6. BobRyan

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    He is right.

    The "old way" is to reject evolutionism -- the new way is to find a way to merge it into the church.

    the "old way" is to reject catholic doctrine -- the new way is to find common ground and try to merge in as many areas as possible.

    the "old way" was to read and have outside occupations. The new way iss to have TV spoon-feed our saints until they can do only minimal reading of their own.

    The "old way" was to have neighbor-to-neighbor Bible study fellowships -- the new way is TV evangelism, or large seminar evangelism -- church as a "non-contact sport".

    The "old way" was that the Bible "is really true" -- the "new way" is to condemn that notion as "Christian fundamentalist extremism"

    Much has changed -- the "old way" was better.

    in Christ,

    Bob
     
  7. Thinkingstuff

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    Answer what? Whether the Catholic Church has changed? It has but I'm not sure what you mean to answer.
     
  8. Johnv

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    I dont' use the term "Born Again Christian" since it's a term people associate almost exclusively with hyperfundamentalism. I simply refer to myself as a Christian, and include that I've given my life to Christ (to differentiate from those who use the term "Christian" to ascribe a religious affiliation).
     
  9. FriendofSpurgeon

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    I agree.

    One, people today are much more likely to define themselves as simply Christian rather than "born-again Christian." My guess is that my teens haven't even heard of that expression. It may be more of southern or fundamentalist term today.

    Two, the US is indeed less Christian today than it was in the 1940's or 1960's or even 1980's. I think this is due to increase of those with other faiths, the rise of secularism, and the falling away from the Christian faith of the young.

    Three, I agree with Ann in that a lot of "Christianity" may have been more of a cultural thing in the "old days" rather than a personal relationship with Christ.

    So perhaps it's a combination of things.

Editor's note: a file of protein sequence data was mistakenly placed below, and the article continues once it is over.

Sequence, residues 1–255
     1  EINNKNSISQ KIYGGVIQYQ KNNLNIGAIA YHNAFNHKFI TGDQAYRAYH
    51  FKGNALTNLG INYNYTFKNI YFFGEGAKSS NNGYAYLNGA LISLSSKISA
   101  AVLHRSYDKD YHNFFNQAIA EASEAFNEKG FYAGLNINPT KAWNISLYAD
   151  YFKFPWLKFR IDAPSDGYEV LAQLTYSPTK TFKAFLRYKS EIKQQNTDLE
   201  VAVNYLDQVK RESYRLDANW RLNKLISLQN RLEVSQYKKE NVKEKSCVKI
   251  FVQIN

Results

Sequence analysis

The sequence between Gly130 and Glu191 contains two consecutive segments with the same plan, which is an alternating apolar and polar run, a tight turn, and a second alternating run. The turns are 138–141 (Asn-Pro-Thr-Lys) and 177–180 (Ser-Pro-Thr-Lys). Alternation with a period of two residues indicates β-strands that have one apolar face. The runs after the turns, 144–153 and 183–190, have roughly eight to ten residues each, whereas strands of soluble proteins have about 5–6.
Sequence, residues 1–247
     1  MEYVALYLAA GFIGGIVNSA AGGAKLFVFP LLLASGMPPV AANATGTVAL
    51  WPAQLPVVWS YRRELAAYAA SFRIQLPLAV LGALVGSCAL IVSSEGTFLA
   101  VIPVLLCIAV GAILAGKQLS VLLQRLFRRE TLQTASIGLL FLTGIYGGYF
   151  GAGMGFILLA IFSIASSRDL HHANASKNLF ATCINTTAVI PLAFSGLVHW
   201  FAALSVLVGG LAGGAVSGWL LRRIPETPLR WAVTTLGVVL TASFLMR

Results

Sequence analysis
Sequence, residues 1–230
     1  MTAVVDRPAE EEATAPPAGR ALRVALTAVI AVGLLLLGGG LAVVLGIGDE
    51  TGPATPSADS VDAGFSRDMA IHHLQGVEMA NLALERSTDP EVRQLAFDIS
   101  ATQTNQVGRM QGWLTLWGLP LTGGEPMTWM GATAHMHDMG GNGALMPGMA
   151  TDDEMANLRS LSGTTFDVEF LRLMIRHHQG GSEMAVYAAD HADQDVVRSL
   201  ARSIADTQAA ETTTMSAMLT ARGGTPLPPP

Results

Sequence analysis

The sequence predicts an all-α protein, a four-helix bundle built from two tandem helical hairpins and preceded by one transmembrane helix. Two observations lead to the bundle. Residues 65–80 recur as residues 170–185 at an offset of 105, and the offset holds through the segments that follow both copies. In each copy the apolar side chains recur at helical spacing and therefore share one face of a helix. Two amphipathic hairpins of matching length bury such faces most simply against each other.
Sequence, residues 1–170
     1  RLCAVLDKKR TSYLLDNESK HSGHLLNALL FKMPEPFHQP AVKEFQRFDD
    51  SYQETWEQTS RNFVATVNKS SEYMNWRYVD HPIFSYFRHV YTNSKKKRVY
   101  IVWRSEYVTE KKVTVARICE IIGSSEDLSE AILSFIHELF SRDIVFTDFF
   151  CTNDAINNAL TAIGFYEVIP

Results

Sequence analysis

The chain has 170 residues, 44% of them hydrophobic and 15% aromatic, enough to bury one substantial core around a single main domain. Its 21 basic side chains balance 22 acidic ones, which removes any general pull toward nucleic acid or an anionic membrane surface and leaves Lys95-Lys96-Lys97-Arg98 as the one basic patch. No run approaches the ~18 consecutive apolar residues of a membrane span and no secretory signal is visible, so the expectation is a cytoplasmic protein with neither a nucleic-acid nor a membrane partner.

10. BobRyan

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    hmm that means that "saved", and "Bible believing" will soon follow since they too are associated with the new pejorative term "fundamentalist".
     
  11. Thinkingstuff

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    I have mixed feelings about this. On one hand why are we letting others define our terms for us? On the other how is our witness?
     
  12. Tom Butler

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    Forty years ago, our pastor advised us that the term Christian had become too vague. He suggested that during personal witnessing that we avoid asking someone if they were a Christian, since it meant different things to different people.

    Or, if they identified themselves as a Christian, we should ask followup questions to let them define what they meant by that. We have to remember that Catholics and Mormons describe themselves as Christians.

    Most of the time, if I'm asked, I identify myself as a believer. Among friends, I jokingly describe myself as a right-wing, redneck, deep-water Baptist.

    During a mission trip to Romania a few years ago, I learned that Romanian Baptists describe themselves as "repenters." They also do not understand terms such as "accepting Christ" or "asking Christ into their hearts."

    I don't think one can have a hard and fast rule about Christian terminology. Even asking someone if they're saved requires further clarification these days.

    I do think we Baptists would do well to re-evaluate the terminology we use in presenting the gospel. But that's another thread.
     
    #12 Tom Butler, Oct 30, 2009
    Last edited by a moderator: Oct 30, 2009
  13. Tom Butler

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    Clarity in presenting the gospel is exemplified by this story I read a long time ago.